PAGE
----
Geologic History of the Blue Mountains

 

Peter Hatherly is a longtime Golden Software user (Surfer, and Voxler) who has spent his career as a Geophysicist. Mainly working in coal and iron ore mining as a consultant and in research laboratories for both the government and University of Sydney where he was a Professor of Mining Geophysics.  

After a successful career Peter has recently retired and is now pursuing his passion for geology through a new medium, writing a book. He decided to write on an area he has passionately explored recreationally as an outdoorsman and studied professionally as a geologist; the Blue Mountains of New South Wales.

The Blue Mountains are located in New South Wales bordering Sydney and are a classified world heritage site. The range is a sedimentary plateau largely formed from sandstone, similar to that of the Grand Canyon in the southwest United States of America. The Blue Mountains however are characterized by dense eucalyptus forest and river valleys which guided the formation of the modern landscape.

Peter has long held the opinion that the geological history of this range could be taught in a more dynamic way, in both scientific and popular literature. Now with time on his hands, he is undertaking the task of writing a guide book that can reach a broader audience than the limited scientific community of academia.

The Blue Mountains sprawl over a massive area of thick bushland (approx. 440 sq miles) that the New South Wales government has done a thorough job of collecting LiDAR data on as part of its state-wide mapping initiative. Much of that data is available for public access through government websites. However, due to the extent of the range, this data is provided in 2km x 2km grid “tiles” with thousands of points in each tile. To further complicate things these tiles can span several different coordinate zones.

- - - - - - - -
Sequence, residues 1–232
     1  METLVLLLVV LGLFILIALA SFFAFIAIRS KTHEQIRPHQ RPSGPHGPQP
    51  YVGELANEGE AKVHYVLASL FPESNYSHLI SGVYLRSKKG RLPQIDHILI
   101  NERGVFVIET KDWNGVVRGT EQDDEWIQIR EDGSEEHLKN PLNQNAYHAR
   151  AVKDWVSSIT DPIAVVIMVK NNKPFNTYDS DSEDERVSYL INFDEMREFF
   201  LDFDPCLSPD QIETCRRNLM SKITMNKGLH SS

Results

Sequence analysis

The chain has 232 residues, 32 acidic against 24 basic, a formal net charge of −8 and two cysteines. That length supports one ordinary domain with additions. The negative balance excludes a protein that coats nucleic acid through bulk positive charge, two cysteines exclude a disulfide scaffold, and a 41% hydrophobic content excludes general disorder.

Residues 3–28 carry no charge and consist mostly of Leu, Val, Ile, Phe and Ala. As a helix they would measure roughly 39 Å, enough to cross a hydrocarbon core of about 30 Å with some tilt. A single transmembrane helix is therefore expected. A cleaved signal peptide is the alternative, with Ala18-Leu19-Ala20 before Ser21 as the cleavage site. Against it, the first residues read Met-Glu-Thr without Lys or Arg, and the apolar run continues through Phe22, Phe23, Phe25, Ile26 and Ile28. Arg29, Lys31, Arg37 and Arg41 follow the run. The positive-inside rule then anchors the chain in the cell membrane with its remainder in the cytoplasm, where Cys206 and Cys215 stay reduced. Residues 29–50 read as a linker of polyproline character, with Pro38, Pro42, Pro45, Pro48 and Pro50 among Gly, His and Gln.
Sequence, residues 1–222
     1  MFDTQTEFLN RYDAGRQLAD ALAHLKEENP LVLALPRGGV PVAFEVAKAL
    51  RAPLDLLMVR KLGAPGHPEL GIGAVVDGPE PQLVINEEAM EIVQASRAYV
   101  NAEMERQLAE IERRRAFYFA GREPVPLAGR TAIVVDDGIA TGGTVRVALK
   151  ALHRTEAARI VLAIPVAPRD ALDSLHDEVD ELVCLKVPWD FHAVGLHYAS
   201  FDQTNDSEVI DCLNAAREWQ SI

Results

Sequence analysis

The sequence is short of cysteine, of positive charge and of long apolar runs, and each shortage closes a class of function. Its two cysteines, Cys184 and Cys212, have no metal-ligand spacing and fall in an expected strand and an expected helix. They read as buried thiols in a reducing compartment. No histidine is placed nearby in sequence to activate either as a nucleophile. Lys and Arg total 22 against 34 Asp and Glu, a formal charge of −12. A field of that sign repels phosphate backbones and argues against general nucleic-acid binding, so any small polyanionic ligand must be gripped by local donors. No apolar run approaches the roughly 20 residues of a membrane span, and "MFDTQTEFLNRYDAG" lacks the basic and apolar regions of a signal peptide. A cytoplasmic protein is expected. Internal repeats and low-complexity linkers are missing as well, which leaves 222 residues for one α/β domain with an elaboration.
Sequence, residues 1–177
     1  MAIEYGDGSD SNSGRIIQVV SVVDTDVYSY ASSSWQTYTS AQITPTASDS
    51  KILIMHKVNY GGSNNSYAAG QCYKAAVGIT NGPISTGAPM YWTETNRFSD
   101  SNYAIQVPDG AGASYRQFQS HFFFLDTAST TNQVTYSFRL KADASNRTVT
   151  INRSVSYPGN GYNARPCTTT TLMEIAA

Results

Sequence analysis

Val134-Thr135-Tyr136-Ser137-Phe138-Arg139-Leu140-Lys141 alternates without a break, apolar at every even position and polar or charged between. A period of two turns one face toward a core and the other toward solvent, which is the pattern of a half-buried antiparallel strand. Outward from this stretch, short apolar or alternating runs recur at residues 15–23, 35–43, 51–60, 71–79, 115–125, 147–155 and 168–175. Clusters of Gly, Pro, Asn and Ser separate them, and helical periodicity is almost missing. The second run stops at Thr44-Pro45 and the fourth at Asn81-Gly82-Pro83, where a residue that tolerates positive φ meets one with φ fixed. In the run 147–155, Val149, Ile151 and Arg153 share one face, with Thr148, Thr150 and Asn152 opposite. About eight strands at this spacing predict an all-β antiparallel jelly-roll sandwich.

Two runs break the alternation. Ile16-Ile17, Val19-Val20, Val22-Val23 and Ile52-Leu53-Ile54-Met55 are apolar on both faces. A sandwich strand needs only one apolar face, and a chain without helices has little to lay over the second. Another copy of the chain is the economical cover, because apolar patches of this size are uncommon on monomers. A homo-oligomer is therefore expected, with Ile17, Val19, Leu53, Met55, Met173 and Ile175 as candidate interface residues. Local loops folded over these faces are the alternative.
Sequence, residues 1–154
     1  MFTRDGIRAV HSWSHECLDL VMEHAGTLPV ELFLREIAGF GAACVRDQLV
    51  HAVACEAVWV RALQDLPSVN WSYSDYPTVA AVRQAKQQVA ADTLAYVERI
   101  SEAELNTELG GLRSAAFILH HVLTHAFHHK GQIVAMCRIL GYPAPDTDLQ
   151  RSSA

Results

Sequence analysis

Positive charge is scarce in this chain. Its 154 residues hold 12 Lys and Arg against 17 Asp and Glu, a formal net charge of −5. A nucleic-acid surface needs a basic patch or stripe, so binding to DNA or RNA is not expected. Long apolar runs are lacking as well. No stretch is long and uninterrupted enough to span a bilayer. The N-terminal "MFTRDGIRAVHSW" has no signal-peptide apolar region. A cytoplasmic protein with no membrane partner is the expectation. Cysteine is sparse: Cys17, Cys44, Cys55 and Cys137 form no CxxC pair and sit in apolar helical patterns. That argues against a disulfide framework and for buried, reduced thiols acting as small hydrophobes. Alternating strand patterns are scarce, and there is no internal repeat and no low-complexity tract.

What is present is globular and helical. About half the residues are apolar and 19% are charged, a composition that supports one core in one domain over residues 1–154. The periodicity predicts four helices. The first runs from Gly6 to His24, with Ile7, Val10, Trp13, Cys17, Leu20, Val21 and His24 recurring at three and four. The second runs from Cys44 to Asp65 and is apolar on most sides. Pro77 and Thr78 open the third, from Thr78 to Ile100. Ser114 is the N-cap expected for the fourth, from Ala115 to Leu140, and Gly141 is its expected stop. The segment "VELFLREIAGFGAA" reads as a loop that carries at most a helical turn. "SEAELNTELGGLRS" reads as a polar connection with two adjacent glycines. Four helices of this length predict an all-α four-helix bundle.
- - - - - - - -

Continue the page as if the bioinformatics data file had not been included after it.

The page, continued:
This is where Surfer comes in handy. Using Surfer’s coordinate system capabilities as well as the Grid Mosaic function Peter is able to convert all of these tiles into the same system and then stitch dozens of these tiles together into one neat workable grid. Once these tiles have been turned into a manageable LiDAR dataset he can take these mosaicked and resampled grids into his book. Using specific grids for entire chapters that tell the story of various pockets of interest throughout the Blue Mountains range.

Once each map has its own grid Peter can utilize Surfer’s “wonderful visualization” tools. He creates stunning topography maps by overlaying layers downloaded from public access databases onto these grids. Surfer then enables him take the topography to the next level by using custom color map settings to generate a color scale that best distinguishes high elevations points in a plateau area. Further assisting Peter to paint a picture of the landscape’s history are the custom symbol options in Surfer he can use for visualizing stream channels.

 

Topography map of the Katoomba Valleys created from public access LiDAR data.

 

 

Photograph showing the typical landscape at the head of the Katoomba Valleys displayed in the topography map above.